It's been a good time to be long Sirius XM Radio (Nasdaq: SIRI), and a dangerous time to bet against the satellite radio giant.

Shares of Sirius XM hit a fresh two-year high this morning, and that's with the uncertainty surrounding Howard Stern's contract, which expires in two months.

After four profitable quarters and what has already been confirmed as five quarters of net subscriber growth, Sirius XM isn't the crapshoot wager it was when speculators were wondering if EchoStar (Nasdaq: SATS) or Liberty Capital (Nasdaq: LCAPA) would save it from the jaws of bankruptcy.

No one is picking Sirius XM in corporate death pools these days. Institutional investors are even starting to buy in, regardless of the stock's pocket-change pricing.

What about Stern, though?

CEO Mel Karmazin expected an announcement before the company's third-quarter conference call, which is taking place next Thursday morning.

Both sides are negotiating in public. Stern has entertained the possibility of launching his show as a streaming app, something that is no longer a laughably bad decision. Apple (Nasdaq: AAPL) has moved more than 100 million iPad, iPod touch, and iPhone devices that run on the App Store-centric iOS platform. Rival smartphone makers have their own nascent marketplaces.

The rub with that strategy is that folks will expect more Stern if he sets himself up as a stand-alone premium product. He has often indicated that he wants to scale back on his number of live broadcasts, and that's something that's easier to do as one of the many premium channels on Sirius.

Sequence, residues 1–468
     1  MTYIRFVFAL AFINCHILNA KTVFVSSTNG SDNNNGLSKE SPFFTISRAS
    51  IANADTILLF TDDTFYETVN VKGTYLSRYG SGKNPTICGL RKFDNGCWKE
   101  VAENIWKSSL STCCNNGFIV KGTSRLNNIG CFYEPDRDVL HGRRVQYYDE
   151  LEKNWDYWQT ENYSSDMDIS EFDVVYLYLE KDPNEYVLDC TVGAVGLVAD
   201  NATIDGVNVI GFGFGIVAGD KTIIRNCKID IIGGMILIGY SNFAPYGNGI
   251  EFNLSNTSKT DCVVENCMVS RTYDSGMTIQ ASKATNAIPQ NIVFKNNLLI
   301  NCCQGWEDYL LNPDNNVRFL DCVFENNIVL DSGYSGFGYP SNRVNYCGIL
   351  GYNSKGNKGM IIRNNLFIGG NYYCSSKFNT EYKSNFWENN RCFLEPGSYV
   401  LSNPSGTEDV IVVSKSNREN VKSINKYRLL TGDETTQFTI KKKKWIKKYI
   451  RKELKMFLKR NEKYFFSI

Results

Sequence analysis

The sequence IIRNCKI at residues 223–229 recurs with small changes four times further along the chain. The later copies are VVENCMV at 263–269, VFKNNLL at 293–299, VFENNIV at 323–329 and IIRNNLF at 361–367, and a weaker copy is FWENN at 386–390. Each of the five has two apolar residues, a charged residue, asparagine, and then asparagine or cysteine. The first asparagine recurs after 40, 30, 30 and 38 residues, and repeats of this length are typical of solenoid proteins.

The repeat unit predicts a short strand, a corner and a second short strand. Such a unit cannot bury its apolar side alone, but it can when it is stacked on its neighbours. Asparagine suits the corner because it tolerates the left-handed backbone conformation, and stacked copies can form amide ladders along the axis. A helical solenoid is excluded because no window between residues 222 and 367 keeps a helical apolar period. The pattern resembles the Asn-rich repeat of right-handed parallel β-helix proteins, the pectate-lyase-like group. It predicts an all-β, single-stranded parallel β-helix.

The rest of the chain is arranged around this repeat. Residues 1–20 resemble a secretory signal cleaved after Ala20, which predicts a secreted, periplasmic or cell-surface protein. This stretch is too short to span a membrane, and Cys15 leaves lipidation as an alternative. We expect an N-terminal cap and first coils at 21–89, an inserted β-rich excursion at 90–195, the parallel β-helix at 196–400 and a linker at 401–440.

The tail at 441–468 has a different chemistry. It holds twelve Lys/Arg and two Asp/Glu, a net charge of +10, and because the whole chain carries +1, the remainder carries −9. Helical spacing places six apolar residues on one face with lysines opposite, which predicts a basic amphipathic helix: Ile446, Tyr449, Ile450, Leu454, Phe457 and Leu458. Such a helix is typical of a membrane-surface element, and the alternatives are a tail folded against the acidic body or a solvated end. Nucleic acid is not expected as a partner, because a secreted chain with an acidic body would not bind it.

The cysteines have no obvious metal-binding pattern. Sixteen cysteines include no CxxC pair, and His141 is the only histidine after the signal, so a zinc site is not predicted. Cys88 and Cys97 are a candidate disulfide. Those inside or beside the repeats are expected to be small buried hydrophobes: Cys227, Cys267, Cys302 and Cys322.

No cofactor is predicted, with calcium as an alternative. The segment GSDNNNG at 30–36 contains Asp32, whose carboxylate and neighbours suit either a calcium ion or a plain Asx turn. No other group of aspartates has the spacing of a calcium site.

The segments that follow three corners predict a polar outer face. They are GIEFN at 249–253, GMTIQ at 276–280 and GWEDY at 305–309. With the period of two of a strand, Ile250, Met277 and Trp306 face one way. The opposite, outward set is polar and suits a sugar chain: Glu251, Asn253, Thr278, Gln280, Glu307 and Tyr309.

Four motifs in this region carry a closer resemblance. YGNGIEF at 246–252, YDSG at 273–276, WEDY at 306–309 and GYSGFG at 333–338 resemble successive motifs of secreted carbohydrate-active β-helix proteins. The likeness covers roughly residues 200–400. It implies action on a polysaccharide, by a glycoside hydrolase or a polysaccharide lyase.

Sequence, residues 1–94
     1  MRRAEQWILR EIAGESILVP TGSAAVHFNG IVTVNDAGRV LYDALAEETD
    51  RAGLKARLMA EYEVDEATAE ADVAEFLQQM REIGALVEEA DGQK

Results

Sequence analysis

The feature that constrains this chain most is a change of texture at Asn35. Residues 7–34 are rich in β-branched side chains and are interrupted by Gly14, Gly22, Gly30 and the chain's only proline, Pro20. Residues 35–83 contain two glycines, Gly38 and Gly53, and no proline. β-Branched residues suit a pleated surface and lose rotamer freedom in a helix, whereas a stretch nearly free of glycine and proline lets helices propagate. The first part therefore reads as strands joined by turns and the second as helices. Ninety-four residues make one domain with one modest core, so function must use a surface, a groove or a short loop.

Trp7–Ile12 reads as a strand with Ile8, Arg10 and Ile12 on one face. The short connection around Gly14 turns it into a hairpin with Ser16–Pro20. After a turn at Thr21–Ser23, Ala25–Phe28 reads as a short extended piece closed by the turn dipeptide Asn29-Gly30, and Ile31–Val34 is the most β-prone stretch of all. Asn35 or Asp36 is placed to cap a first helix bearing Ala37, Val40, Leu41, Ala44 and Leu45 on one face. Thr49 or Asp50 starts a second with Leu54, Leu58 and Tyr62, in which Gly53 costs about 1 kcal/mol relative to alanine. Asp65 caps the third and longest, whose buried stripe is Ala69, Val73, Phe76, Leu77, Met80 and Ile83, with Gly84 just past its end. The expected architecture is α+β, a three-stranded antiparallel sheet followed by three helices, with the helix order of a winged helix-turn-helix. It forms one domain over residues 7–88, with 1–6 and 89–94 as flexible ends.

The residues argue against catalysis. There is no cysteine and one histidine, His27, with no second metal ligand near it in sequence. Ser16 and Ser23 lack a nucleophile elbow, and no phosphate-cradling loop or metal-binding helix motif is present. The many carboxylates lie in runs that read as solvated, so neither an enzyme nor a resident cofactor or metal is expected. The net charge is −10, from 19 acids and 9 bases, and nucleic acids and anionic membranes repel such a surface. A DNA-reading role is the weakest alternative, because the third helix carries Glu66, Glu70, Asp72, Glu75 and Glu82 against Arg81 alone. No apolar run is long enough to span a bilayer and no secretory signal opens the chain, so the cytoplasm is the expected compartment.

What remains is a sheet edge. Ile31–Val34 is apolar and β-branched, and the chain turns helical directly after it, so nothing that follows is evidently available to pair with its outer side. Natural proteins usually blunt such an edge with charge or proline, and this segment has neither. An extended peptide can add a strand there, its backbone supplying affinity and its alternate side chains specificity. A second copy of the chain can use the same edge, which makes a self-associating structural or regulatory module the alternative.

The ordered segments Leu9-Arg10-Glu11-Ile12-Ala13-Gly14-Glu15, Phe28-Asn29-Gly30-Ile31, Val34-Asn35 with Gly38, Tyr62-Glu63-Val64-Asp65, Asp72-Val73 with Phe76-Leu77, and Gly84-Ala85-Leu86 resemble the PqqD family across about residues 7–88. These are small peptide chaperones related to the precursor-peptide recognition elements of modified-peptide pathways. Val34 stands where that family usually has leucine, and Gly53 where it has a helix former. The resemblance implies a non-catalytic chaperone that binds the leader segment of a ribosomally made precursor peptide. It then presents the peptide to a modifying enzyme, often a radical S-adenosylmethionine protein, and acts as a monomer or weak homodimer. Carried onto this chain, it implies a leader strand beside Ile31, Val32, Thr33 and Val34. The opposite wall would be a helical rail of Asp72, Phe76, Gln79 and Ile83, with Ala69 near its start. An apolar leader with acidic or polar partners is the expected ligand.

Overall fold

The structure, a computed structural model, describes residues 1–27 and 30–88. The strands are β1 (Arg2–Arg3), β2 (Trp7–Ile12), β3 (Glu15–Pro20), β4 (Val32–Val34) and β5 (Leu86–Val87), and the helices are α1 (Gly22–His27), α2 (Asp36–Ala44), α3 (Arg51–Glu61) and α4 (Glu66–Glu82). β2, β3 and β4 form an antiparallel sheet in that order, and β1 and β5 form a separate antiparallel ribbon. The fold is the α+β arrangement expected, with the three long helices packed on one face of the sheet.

We'll see how it all plays out. Stern is wrapping up a five-year deal that was originally valued at $500 million, so it's not as if his leaving would be catastrophic. Sirius XM would be able to dramatically shave programming overhead. The real question will be how many subscribers would follow Stern out the door.

In the meantime, next Thursday will be telling. We've been here before. Sirius XM pre-announces great subscriber numbers. The stock runs up ahead of the report. Shares sell off on the actual quarterly earnings release, despite the solid improvement.

It could be different this time, given the pending programming news, or history could simply repeat itself. Healthier institutional stakes and greater model viability can only help, but the arrival of more analytically minded investors will force the stock to tackle its valuation demons.

Sirius XM is never boring, but the next few days will be especially interesting.

So how high can Sirius XM go? Share your thoughts in the comments box below.

Apple is a Motley Fool Stock Advisor pick. The Fool owns shares of Apple. Try any of our Foolish newsletter services free for 30 days. We Fools may not all hold the same opinions, but we all believe that considering a diverse range of insights makes us better investors.

Longtime Fool contributor Rick Munarriz is a subscriber to both Sirius and XM. He does not own shares in any of the companies in this story. He is also a member of the Rule Breakers analytical team, seeking out the next great growth stock early in its defiance. The Fool has a disclosure policy.